Lexical Semantics of the Greek New Testament

In the Mail: William’s Hebrew Syntax

The fine people of Amazon dropped off this delightful package this morning. I’ve been focusing primarily on Classical Greek (and Latin, French, German and a smidge of Korean and Modern Greek) at the moment, but soon…

Williams’ Hebrew Syntax, 3rd Edition

Missing The Mount

We are missing our church body this morning. The family is on the road, on our way to enjoy both Christmas and the New Year with my parents, and one of my sibling’s families. I spent some time in Dicken’s A Christmas Carol, as my daughter took a turn driving.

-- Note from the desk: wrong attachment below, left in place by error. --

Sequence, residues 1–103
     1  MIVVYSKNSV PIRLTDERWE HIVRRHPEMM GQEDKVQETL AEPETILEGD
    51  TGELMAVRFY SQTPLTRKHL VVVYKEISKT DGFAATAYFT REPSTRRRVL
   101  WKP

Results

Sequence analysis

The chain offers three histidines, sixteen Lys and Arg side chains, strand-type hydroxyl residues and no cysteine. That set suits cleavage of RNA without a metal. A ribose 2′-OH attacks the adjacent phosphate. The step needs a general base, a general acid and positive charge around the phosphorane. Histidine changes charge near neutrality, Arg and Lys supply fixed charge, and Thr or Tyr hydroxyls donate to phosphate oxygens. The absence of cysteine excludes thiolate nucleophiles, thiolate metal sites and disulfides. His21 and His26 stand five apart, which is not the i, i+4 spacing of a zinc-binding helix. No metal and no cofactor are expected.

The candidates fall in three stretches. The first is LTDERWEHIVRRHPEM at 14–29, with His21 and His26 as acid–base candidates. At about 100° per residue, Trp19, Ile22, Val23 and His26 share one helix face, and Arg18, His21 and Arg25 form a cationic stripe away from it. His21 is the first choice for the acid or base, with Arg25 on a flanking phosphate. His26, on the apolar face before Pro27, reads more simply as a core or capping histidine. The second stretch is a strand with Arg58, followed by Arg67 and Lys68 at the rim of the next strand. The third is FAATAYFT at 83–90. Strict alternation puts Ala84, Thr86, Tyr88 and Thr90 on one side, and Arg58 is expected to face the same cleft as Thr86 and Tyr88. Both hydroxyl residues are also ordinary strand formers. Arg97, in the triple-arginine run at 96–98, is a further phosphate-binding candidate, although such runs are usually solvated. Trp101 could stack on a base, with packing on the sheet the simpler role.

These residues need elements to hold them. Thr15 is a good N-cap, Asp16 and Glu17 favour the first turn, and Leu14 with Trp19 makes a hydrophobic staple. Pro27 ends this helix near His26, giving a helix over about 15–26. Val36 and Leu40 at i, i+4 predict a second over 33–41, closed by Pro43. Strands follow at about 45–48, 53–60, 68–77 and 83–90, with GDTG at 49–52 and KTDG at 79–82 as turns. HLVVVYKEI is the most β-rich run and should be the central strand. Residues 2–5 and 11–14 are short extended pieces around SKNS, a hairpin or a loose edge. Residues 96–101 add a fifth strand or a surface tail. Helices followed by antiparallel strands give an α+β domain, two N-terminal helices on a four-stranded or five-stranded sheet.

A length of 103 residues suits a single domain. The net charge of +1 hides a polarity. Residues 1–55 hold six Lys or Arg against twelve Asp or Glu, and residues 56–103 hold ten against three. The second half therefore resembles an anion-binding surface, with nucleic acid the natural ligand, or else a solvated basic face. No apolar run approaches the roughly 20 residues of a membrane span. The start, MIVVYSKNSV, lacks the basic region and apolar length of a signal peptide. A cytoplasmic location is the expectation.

!

Thought I’d take a moment in the Christmas story, as I pray for safety in our travels:

And in the same region there were shepherds out in the field, keeping watch over their flock by night. And an angel of the Lord appeared to them, and the glory of the Lord shone around them, and they were filled with great fear. And the angel said to them, “Fear not, for behold, I bring you good news of great joy that will be for all the people. For unto you is born this day in the city of David a Savior, who is Christ the Lord.

Luke 2:8‭-‬11 ESV

A joyous Christmas to all, whether you are traveling to distant places or resting close to home!

Free Book!

We interrupt this interruption in blog output to make you aware of a free book that might be of interest to you if you are interested in biblical studies and biblical languages. Browsing on facebook, I ran across the following:

Enjoy!